As we caravanned to the parking lot, there were hundreds of pickups and cars lining each side of the roadway with BBQ grills billowing smoke, loud music filling the air and nary a hand without some form of adult beverage in it. I knew from my back-to-back runs of Chasing the Chase/Playoff Pursuit that NASCAR fans knew how to party and it was on like Donkey Kong in New Hampshire. These fans may have only had a few hours to celebrate NASCAR’s return to the Granite State but they were taking full advantage of the opportunity.
I headed to Lot S2, where I once parked during my first-ever trip to NHMS a decade, or so, before. It wasn’t bad parking and it was free. And if it’s free, it’s for me. The smell of charcoal and beer greeted me as I opened the door on my rental car. I was offered free food. Yes, I accepted it with a smile and a “thank you.” We chatted for a few seconds but never exchanged names, they were Joey Logano fans – surprise, hailing from Connecticut, he’s considered local.
As I looked around, I was impressed at the number of people who had figured out how to buy tickets electronically and were brave enough to battle the searing sun that burned overhead. But off in the distance, I saw clouds. A hot sun and rapidly forming clouds are a recipe for rain and when NASCAR comes to a town, it is known to end a thousand years of drought.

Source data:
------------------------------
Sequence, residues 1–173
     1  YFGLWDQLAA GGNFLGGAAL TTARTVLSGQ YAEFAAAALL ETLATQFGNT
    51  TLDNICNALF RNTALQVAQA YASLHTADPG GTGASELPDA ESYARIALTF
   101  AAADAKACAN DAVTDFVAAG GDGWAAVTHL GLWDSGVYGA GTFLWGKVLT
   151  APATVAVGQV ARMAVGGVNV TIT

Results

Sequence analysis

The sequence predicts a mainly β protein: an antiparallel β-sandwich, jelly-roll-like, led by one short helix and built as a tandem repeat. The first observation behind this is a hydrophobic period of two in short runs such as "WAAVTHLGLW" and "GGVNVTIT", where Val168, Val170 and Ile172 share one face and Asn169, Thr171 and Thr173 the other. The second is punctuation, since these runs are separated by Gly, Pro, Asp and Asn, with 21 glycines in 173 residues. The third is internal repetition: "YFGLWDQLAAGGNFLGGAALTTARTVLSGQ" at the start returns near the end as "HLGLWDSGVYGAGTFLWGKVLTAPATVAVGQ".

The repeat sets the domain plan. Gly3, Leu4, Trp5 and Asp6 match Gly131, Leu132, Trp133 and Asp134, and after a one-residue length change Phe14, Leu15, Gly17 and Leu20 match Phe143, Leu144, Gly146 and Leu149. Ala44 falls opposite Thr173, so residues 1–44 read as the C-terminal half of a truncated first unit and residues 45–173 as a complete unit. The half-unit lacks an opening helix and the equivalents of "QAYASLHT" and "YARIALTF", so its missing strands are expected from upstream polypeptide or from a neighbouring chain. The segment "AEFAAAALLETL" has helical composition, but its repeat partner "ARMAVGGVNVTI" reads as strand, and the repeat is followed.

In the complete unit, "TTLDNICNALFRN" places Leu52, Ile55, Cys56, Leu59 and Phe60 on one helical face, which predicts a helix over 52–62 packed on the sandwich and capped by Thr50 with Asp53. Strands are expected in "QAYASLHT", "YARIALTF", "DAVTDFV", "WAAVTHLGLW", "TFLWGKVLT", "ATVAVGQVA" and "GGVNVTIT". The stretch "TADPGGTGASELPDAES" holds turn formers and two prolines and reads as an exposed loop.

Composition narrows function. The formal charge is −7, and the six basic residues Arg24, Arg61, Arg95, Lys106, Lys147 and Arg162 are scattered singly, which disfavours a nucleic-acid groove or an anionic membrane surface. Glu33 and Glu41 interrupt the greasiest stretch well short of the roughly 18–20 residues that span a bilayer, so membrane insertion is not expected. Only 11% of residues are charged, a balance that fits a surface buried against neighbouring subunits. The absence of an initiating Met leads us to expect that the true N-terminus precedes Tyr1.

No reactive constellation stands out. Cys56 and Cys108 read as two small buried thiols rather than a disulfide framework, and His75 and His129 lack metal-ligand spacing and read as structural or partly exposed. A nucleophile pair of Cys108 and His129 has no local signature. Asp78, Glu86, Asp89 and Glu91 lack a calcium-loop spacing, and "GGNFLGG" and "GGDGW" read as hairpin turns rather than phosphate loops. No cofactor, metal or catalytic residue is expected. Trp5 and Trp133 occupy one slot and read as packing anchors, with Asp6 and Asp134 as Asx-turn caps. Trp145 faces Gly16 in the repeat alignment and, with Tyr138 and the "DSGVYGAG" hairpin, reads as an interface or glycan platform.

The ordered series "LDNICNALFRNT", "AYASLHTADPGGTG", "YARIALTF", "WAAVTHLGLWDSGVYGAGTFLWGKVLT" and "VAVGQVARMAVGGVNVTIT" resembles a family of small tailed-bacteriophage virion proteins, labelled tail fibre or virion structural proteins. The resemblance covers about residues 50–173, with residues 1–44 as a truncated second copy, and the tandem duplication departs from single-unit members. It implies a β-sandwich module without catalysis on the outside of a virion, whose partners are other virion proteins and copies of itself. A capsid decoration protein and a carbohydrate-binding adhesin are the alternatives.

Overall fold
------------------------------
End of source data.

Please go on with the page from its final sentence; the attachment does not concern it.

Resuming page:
I grabbed my 14-inch by 14-inch plastic bag containing only my camera, a telephoto lens, a microphone, recorder, two race scanners, earbuds, a bottle of water, some Kickin’ the Tires swag to give away and a backup mask in case I had an part failure and couldn’t clear inspection. I felt naked without a computer and cradled my plastic bag as if it were a newborn child, protecting it from the bumps and bruises of its surroundings. Should any of the small tears in my 14-inch by 14-inch plastic bag grow larger, the contents would surely crash to the concrete. And then I walked. I made it across the main road near the infield tunnel and took a left to the main grandstands and walked some more.
I was three hours early for the green flag and the gates weren’t open, so I joined thousands of fans – faces covered with masks and bandanas – as they attempted to socially distance themselves. Then the rain came. Luckily, I spotted a tent and worked my way to it avoiding the heaviest shower. Other fans huddled in their respective groups and donned rain gear or converted trash bags into makeshift rain ponchos. Still, everyone tried to keep their groups apart as a local television station took the opportunity to catch everyone on camera. I tweeted a photo and congratulated fans for their ingenuity and ability socially distance themselves given unideal circumstances and that tweet was met quickly with snarky replies. I already knew that some of my media colleagues were as much opposed to fans being at the racetrack as the “Karens” who predicted a Corona-pocalypse following the fan-filled race at Texas Motor Speedway were just two weeks earlier. Interestingly, there has not been reports of an uptick in COVID-19 following any NASCAR event during the pandemic. I guess the sanctioning body and the racetracks are doing something right.
When the skies cleared, there were still thousands of race fans waiting to enter the track only now many of them were soaked. That’s when the clouds dispersed and the sun boiled away the rain and steam could be rising from the asphalt. The area turned into an outdoor sauna but NASCAR fans weren’t discouraged. Some even made jokes about NASCAR bringing the rains with it. (Next Story: NASCAR ends apocalyptic drought by expanding schedule worldwide).